Spring - President Assad of Syria, fearing a radical Palestinian force in Lebanon on Syria's southern border, enters the Lebanese civil war on the side of the Christians and tilts the military balance in their favour. Jordan supports the Syrian intervention, fearing that a Palestinian victory will give the PLO a base of operations from which to destabilize the region. [5]

July - Zaid ar Rifai, who has led the government since 1973, steps down as prime minister. Hussein replaces him with Mudar Badran, chief of the royal court. The Badran government sets up the Bureau of Occupied Homeland Affairs, headed by former members of parliament from West Bank constituencies, ostensibly to coordinate and advise on relations with Palestinians in Israeli-occupied territory. The government also conducts discussions on the renewed possibility of some form of federation between the West Bank and the East Bank. The PLO charges that the newly created Bureau of Occupied Homeland Affairs has been formed to channel support to pro-Jordanian candidates in municipal elections to be held in the West Bank in April 1977. Badran denies these allegations and reaffirms Jordan's commitment to the concept that the Palestinians themselves must decide the future of the West Bank. [5]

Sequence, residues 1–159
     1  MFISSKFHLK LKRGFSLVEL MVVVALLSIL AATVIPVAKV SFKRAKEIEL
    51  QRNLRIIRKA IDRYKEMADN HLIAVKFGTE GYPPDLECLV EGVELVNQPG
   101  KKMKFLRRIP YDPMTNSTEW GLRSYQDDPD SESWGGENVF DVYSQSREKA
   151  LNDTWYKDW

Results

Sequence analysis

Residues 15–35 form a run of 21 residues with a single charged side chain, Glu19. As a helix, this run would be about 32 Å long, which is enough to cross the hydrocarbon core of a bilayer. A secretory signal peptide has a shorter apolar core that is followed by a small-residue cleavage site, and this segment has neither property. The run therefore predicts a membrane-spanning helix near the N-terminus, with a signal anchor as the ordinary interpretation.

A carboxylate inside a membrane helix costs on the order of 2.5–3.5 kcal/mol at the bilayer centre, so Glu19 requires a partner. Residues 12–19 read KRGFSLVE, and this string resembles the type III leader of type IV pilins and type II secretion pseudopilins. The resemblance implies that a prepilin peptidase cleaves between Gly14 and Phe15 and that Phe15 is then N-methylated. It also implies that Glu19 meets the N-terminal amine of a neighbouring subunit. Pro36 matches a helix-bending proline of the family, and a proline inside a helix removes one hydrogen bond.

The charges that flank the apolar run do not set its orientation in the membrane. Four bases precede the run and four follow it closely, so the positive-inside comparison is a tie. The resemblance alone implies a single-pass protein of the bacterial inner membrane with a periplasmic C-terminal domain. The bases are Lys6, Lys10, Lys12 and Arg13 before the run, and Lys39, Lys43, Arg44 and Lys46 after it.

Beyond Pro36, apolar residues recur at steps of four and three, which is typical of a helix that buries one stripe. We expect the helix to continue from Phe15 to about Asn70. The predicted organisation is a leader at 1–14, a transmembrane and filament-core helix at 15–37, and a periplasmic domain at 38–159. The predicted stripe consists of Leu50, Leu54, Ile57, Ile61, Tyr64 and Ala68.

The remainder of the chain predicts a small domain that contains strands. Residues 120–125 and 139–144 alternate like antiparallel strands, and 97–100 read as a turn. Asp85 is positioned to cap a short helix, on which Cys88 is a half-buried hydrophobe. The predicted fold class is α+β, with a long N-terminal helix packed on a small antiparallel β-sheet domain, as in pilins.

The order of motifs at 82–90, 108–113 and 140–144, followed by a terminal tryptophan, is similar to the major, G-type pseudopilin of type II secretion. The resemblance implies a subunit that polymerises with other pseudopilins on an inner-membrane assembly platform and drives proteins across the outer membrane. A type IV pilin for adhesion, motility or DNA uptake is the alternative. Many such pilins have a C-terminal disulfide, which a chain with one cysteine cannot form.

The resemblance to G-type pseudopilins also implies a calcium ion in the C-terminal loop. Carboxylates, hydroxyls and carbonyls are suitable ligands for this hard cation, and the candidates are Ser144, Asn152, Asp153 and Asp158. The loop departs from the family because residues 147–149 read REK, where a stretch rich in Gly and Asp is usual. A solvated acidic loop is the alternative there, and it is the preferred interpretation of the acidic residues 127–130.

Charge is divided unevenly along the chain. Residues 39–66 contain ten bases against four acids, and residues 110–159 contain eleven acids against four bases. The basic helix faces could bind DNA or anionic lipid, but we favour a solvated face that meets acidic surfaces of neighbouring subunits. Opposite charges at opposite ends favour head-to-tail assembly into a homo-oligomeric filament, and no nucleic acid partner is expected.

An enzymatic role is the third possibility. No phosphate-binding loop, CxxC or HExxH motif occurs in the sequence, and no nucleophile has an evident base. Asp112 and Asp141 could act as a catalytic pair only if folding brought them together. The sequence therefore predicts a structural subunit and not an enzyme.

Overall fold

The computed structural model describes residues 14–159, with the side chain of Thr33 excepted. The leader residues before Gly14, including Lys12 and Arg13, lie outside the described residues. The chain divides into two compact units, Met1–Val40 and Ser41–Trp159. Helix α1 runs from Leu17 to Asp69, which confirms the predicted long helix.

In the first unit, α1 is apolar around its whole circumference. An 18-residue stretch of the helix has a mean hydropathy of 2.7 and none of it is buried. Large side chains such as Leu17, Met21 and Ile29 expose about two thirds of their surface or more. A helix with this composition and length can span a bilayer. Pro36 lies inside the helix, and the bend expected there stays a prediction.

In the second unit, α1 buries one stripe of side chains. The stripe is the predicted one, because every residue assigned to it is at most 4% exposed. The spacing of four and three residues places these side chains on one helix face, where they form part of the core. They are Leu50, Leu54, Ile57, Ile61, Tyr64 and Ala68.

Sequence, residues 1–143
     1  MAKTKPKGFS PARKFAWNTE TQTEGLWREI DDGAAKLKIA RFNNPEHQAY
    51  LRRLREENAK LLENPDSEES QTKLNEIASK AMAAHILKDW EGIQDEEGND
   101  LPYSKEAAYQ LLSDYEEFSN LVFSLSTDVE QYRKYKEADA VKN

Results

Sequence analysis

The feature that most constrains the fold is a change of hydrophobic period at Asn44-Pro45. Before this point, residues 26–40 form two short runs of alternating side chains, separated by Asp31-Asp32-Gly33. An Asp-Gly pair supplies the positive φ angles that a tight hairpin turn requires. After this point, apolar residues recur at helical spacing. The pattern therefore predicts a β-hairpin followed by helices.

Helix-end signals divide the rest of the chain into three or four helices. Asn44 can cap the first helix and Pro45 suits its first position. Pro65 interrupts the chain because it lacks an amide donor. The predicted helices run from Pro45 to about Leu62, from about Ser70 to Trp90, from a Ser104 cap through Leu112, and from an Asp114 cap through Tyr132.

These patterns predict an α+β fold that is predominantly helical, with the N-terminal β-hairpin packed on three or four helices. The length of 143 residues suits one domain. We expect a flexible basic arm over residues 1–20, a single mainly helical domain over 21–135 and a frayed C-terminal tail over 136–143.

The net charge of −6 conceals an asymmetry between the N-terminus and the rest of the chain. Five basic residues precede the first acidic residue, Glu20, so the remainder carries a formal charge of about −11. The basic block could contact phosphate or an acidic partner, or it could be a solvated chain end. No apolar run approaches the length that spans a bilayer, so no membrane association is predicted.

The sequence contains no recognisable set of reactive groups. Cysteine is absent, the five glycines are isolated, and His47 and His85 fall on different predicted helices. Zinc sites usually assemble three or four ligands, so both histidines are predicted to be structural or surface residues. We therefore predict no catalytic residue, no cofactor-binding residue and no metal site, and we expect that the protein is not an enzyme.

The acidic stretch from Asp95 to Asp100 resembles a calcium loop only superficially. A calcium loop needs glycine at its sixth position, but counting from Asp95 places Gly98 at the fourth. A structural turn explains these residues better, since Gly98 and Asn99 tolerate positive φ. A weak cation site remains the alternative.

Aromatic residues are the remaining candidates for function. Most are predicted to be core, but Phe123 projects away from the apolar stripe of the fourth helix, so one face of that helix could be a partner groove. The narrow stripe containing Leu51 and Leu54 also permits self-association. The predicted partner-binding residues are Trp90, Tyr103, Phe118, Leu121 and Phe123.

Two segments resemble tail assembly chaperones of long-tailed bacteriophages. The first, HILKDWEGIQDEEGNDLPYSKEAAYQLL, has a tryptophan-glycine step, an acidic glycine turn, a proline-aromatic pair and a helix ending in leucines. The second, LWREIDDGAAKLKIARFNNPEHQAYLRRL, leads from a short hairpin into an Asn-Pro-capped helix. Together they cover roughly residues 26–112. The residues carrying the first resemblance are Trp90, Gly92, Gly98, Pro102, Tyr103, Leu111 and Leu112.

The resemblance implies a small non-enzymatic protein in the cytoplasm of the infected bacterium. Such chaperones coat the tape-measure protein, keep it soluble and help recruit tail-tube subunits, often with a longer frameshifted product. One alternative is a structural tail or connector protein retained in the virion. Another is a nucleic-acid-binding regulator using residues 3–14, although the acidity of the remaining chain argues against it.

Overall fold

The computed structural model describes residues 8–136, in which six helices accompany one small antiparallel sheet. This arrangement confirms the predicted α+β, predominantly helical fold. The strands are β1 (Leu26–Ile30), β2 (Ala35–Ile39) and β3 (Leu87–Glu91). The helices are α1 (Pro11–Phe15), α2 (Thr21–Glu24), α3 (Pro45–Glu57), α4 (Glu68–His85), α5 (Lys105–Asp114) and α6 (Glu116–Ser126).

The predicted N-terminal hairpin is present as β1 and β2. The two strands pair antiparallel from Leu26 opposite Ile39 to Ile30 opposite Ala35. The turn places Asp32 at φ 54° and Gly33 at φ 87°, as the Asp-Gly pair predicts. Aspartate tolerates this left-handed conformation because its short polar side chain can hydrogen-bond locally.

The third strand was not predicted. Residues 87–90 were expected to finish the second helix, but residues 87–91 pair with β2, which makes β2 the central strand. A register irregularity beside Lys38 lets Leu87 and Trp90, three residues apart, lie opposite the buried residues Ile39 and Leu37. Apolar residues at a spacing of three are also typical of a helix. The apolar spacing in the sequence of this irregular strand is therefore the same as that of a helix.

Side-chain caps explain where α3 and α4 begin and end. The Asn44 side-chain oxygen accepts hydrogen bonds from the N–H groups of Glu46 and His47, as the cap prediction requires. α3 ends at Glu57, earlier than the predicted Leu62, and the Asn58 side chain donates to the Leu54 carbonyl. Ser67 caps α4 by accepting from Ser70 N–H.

A UN draft resolution proposing to reaffirm the right of the Palestinians to self-determination, and including the right to establish an independent state, is vetoed in the Security Council by the United States, which calls instead for a "reasonable and acceptable definition of Palestinian interests." [5]